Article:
Overstimulated Alarm System – Three Steps to Confronting Fear in the Everyday Life of an HSP

Jennifer wants to talk to Brent. He’s been on her romantic radar ever since their first introduction weeks before. Now is her opportunity. She’s practiced her possible openings, bolstered her confidence with positive, reinforcing self-talk, and waited patiently for a chance to talk to him alone. She sees him across the room and forces her feet forward.

She takes five steps toward Brent. He looks up and their eyes meet. To her horror, she stops dead in her tracks. Before a cohesive thought can form in her mind, her body turns and her feet, in their quickest pace, skitter toward the exit.

Outside the door, she stops her progression just as she gets somewhere in the parking lot. Her heart is beating wildly in her chest. Her breathing is quick and she has begun sweating. If she could glimpse herself in a mirror, she would also see that her pupils have dilated and her skin has become either pale or flushed as her blood flow moves toward her muscles used for her escape and away from other body parts.

As her physical symptoms return to normal, embarrassment kicks in. What kind of bizarre behavior has she just committed?

The truth is that Jennifer has just experienced a fight-or-flight (or freeze) reaction to stress. Completely normal given her circumstances.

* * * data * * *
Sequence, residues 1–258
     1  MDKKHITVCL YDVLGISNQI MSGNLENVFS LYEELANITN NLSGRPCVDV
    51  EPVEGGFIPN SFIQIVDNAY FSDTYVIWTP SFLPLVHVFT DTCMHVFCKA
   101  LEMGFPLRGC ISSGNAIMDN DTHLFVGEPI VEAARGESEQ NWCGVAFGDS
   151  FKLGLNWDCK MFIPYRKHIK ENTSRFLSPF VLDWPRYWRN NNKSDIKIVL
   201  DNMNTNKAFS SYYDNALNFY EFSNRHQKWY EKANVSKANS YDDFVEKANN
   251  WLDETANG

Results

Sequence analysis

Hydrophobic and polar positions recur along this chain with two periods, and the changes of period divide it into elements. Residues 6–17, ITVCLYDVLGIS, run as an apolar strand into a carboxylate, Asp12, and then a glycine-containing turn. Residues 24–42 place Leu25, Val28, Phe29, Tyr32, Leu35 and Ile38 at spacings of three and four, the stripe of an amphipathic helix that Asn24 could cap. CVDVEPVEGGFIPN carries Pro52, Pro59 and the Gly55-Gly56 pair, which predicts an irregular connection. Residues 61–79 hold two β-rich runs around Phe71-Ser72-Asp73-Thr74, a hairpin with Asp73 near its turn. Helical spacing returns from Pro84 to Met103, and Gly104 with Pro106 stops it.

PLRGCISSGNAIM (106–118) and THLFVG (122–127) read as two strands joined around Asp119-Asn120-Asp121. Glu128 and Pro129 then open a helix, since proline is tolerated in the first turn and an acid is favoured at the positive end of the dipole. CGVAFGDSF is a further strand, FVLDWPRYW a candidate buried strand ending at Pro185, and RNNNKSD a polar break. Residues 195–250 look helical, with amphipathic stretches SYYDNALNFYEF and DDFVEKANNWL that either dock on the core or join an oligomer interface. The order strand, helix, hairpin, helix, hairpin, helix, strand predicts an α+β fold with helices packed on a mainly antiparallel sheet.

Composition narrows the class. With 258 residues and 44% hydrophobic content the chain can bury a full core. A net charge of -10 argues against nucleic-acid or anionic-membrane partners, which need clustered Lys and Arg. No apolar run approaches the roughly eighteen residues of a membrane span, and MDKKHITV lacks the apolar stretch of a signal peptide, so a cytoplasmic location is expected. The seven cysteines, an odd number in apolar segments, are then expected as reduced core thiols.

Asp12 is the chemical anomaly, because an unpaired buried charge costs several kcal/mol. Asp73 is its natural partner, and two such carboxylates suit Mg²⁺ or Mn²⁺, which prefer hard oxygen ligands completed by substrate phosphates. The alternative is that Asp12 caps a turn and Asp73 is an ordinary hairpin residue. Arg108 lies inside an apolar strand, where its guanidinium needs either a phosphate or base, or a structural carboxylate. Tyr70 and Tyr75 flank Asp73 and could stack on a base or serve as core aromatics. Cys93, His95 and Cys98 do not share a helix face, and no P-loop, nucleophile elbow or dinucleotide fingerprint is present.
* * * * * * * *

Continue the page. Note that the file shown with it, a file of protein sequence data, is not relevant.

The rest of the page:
Image: “Brick-moji: Face screaming in fear” by Ochre Jelly is marked with CC PDM 1.0

Let’s start with the fact that Jennifer is a highly sensitive person.

In Dr. Elaine Aron’s acronym DOES that describes what an HSP is like, we see why Jennifer’s reaction was completely normal:

D – Depth of processing: In the weeks between meeting Brent and her opportunity to talk to him alone, Jennifer mulled her possibilities over in her mind, thinking through every possible scenario.

O – Overstimulation: Awareness and processing of daily stimuli made Jennifer exhausted and in constant survival mode. One major stressor added on top of that base easily sent her into fight-or-flight (or freeze) mode.

E – Emotionally responsive and empathy: Her anxiety at interacting with a man to whom she was romantically attracted to built on the stress she’d created while preparing for her encounter.

S – Sensitive to subtle stimuli: When their eyes met, Jennifer’s empathy and sensitivity to subtle stimuli kicked in. She may have gleaned a responsiveness to her in his eyes, overwhelming her already overloaded emotional barometer.

What can you, as well as Jennifer, do to better handle situations of stress?

Step One: Acknowledge Your Difference

You are not going to act like someone else. You are different. One of those differences is an overactive amygdala, the organ in which the fight-or-flight (or freeze) response originates. It is crucial you accept your differences as normal. Being an HSP is normal. It is your normal.

Step Two: Relax Your Amygdala

Meditation, physical activity, progressive relaxation, deep breathing. Set up a schedule to perform these activities daily. Yoga, tai chi or simple stretching exercises may also be effective in reducing over activity in the amygdala. It is critical to everyday health for an HSP to make time for this practice.

Step Three: Educate Others

Your gift is special. The world is slowly beginning to become aware of and realize that we do exist. And that we are normal people with different reactions to different situations. Spreading the word about our differences will help all of us (and our reactions) find acceptance.

Be courageous as you live your life. Your gifts help the rest of the population in ways they can never fully appreciate. Let your light and your love shine. But take care of yourself in the meantime.

Copyright 2021, Monica Nelson

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